The University offers a special six-hour research course, G901 Advanced Research, for students who have already enrolled in at least 90 graduate credit hours. Students enrolling in G901 must be doctoral students who have been admitted to candidacy. G901 is offered for a flat fee of $150 per semester and for a maximum of six semesters.
Graduate Research Assistantships are available at Indiana University's ACT (Anthropological Center for Training and Research on Global Environmental Change). Stipends were $14,500 for ten months plus tuition in 2010. Graduate assistants will have funds for one to two summers of field research in the Amazon (or Yucatan) as part of an interdisciplinary U.S./Brazilian (or Mexican) team led by the Director of ACT. Applicants will be able to develop their own dissertation topics on aspects of the broad issues addressed by the Amazon and Yucatan projects. Interested applicants should write to Director, ACT, Student Building 331, Indiana University, Bloomington, IN 47405. Or call 812-855-6181, fax 812-855-3000.
Financial assistance is sometimes available to anthropology graduate students through the Glenn Black Laboratory of Archaeology, the I.U. Museum, the Institute for Sex Research, and indirectly through faculty research grants.
Advanced graduate students occasionally find employment teaching undergraduate courses in the Collins Living Learning Center, the School of Continuing Studies, the School of Education, and departments such as Anatomy, Afro-American Studies, Biology, Folklore, or Criminal Justice in Bloomington as well as on one of our regional campuses. However, the need to provide teaching opportunities for as many students as possible will preclude a student accepting simultaneous teaching positions at more than one campus.
The University Graduate School offers a number of fellowships, including those immediately following this paragraph. The department sends out reminders of award deadlines, but deadlines and application protocols for College and University Graduate School fellowships are set by those units, not anthropology. Students should consult the College (http://college.indiana.edu/graduate/office/awards.shtml) and Graduate School (http://www.indiana.edu/~grdschl/internal-awards.php) websites for the most up to date information.
The Educational Opportunity Fellowship (EOF) is meant to enable promising students who are first generation college graduates and who do not fare well in conventional competition for graduate fellowships.
The Future Faculty Teaching Fellowships (FFTF) is directed at advanced IU Bloomington doctoral and MFA students to enhance their career preparation by experiencing faculty life in another academic environment; most fellowships are in Indiana, but some few are in other states.
The Esther Kinsley Master's Thesis Award is awarded to students have completed a Master's Thesis during the previous academic year; one $1,500 award.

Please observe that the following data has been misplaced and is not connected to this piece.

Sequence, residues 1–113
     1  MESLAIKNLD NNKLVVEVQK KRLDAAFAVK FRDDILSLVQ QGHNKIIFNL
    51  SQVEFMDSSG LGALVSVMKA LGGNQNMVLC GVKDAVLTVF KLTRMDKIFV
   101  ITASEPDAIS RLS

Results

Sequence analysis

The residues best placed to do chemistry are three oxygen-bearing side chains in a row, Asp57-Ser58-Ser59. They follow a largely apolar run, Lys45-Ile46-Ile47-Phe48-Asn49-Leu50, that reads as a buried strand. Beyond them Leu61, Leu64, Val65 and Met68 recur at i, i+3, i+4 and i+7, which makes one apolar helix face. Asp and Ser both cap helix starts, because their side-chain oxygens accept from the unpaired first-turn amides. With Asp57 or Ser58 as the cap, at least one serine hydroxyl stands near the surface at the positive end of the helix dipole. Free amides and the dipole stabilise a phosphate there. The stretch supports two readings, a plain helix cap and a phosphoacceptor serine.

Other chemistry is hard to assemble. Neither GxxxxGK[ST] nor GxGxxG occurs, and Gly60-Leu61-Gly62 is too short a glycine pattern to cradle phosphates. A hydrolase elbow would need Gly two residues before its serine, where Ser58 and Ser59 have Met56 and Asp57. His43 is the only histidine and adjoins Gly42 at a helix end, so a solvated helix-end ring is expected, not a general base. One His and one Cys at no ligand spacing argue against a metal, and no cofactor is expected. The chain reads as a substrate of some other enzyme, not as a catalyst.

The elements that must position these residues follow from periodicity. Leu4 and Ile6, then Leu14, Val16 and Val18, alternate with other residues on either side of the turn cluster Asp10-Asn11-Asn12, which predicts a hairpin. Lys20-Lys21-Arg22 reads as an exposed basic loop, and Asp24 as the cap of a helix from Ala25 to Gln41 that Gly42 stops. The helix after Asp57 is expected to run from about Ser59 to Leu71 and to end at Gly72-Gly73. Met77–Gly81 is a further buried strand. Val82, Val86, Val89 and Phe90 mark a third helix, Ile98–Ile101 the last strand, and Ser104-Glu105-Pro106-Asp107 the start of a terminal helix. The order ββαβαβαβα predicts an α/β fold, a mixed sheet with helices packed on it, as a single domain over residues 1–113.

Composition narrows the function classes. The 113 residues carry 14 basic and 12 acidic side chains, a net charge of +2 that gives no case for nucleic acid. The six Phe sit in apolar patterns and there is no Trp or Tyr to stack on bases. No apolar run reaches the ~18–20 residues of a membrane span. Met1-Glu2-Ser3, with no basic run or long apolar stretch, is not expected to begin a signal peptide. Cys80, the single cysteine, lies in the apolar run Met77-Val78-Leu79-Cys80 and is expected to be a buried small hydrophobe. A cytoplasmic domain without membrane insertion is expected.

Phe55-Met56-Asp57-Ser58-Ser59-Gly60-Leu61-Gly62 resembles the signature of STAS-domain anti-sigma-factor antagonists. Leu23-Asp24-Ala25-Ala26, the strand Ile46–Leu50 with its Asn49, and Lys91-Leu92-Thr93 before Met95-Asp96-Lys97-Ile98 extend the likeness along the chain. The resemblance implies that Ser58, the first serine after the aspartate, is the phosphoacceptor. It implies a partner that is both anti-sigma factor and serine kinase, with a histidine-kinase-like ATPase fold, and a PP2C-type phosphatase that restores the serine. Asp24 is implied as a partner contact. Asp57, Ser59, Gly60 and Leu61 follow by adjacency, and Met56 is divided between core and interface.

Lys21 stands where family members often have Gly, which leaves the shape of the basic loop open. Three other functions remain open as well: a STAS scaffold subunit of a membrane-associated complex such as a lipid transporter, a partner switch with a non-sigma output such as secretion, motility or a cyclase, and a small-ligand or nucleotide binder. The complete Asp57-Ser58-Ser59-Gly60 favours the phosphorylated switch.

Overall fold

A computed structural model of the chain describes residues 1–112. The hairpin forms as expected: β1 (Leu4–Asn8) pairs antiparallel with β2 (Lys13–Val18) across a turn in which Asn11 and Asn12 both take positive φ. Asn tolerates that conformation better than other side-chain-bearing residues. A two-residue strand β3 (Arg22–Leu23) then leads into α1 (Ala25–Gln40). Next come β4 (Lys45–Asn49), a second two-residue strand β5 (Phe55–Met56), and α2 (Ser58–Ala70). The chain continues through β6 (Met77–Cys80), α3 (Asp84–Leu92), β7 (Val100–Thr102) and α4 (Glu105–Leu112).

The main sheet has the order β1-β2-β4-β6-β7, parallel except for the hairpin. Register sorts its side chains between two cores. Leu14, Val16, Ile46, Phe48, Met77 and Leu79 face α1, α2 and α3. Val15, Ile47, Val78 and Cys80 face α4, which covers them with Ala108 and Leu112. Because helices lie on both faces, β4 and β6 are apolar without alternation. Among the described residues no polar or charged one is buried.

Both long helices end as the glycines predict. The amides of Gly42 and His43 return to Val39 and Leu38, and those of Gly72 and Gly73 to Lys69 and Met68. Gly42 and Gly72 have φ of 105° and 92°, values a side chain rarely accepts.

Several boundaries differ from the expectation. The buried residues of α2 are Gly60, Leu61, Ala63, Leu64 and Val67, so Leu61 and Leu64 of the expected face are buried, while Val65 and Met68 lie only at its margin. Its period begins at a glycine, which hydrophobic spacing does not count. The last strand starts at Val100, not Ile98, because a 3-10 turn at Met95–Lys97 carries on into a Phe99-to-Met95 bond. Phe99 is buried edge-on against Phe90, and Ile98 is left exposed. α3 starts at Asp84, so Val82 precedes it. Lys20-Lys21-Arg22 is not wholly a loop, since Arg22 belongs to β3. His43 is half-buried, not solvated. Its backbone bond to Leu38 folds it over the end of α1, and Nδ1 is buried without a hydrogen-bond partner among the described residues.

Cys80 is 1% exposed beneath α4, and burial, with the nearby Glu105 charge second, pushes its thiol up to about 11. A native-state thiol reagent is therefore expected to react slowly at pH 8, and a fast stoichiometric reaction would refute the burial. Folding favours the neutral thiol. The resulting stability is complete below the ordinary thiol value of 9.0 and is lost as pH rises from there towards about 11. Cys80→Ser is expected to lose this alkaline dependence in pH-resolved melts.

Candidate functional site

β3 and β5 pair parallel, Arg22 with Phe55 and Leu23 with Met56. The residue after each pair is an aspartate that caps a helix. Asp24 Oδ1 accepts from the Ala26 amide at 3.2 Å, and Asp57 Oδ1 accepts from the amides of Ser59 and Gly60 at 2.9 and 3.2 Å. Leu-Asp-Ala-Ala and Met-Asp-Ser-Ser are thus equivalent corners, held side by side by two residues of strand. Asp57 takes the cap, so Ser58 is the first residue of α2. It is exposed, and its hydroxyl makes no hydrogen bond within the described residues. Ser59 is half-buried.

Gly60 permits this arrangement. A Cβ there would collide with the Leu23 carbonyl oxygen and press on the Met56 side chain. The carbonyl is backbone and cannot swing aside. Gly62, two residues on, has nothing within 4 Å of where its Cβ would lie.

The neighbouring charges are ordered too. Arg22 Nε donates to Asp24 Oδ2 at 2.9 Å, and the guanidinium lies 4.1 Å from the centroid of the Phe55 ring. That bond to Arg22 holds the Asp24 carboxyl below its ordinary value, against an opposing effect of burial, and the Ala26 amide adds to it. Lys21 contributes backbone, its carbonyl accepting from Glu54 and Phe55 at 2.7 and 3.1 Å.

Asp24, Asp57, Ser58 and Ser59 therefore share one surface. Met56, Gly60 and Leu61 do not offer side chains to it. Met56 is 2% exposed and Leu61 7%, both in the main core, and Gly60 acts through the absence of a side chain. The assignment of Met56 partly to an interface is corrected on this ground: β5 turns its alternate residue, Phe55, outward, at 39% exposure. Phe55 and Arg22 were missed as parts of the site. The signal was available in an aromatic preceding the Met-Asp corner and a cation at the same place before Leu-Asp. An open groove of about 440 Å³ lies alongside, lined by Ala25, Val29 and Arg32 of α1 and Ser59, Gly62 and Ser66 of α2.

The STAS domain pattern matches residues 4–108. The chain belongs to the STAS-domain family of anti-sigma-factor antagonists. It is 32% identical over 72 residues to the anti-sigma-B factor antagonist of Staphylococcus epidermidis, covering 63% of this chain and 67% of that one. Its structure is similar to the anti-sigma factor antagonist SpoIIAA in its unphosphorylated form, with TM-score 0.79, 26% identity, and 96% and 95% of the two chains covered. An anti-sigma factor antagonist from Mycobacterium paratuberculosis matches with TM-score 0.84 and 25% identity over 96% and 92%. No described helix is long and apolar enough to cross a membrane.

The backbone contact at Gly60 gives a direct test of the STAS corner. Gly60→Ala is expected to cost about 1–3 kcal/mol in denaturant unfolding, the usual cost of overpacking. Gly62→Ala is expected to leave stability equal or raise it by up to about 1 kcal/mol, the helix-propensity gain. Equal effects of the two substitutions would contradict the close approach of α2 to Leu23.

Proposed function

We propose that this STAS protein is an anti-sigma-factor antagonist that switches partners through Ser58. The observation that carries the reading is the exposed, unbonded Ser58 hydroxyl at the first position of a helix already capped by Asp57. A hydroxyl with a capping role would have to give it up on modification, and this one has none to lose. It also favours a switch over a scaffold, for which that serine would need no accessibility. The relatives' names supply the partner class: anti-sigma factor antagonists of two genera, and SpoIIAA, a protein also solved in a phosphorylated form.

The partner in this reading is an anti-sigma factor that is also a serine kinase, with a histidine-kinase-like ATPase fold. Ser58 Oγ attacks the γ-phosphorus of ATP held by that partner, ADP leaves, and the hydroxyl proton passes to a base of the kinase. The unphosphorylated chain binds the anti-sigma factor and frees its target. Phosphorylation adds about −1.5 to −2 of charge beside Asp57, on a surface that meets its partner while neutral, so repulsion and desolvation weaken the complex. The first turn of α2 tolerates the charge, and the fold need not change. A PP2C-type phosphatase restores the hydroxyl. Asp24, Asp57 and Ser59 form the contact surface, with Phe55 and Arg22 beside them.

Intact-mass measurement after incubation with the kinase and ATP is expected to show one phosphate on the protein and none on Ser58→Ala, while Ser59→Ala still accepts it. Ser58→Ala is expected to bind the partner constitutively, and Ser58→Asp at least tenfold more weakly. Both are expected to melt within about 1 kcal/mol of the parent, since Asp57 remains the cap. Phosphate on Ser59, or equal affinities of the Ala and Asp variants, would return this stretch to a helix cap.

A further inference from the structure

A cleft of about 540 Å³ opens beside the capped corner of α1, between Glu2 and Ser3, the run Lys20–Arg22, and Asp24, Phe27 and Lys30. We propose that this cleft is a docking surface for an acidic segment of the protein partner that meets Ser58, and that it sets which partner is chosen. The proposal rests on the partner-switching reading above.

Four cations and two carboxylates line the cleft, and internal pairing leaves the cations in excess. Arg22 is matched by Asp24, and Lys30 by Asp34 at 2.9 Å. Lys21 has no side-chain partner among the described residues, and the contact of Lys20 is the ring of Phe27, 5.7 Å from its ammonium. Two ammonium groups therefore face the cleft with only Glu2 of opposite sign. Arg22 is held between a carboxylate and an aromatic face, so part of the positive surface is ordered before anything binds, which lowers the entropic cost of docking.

The Esther Kinsley Ph.D. Dissertation Award is awarded to students who have completed their Ph.D. degree during the previous academic year; there is one $5,000 award.
The Indiana University Credit Union Dissertation Fellowship provides a $20,000 stipend for graduate students in the final year of their dissertation writing. Students in anthropology receive an email each year notifying them of the award application procedure and the deadline. There is more information at http://www.indiana.edu/~grdschl/pdf/IU_Credit_Union_Fellowship.pdf. Please do not contact the IUCU, but rather the University Graduate School (812/855-8853, firstname.lastname@example.org) for more information.
The Wells Graduate Fellowship is awarded to one doctoral or M.F.A. student who exemplifies the characteristics of Chancellor Wells; single-year award of $33,000 that must be used the year it is granted.
The Howard University Future Faculty Teaching Fellowship allows advanced doctoral students to spend one year on the HU campus working as a visiting faculty member. The fellowship provides a stipend of $20,000 to be used to pay housing and living expenses in Washington, DC and to cover the cost of IUB tuition and fees. The deadline for applications is in mid-January. Email email@example.com for information on applying.
The Santosh Jain Endowed Memorial Scholarship offers financial support to a current international graduate student who has demonstrated commitment to service and education; who plans to pursue a service-oriented career; and who demonstrates financial need. Preference will be given to graduate students from South Asia, in particular those hailing from India, Pakistan, Nepal, Sri Lanka, Bangladesh, Bhutan, and Sikkim.
The Grant in Aid of Doctoral Research is available to advanced Bloomington graduate students for unusual research expenses incurred in connection with doctoral dissertation research; maximum one $1,000 award. Examples of such expenses include travel to special libraries or laboratories, payments to consultants, specialized equipment, and duplication of vital materials needed for writing the dissertation. Expenses that are no supported include typing and duplicating of dissertations, normal living expenses, routine laboratory supplies, and computers.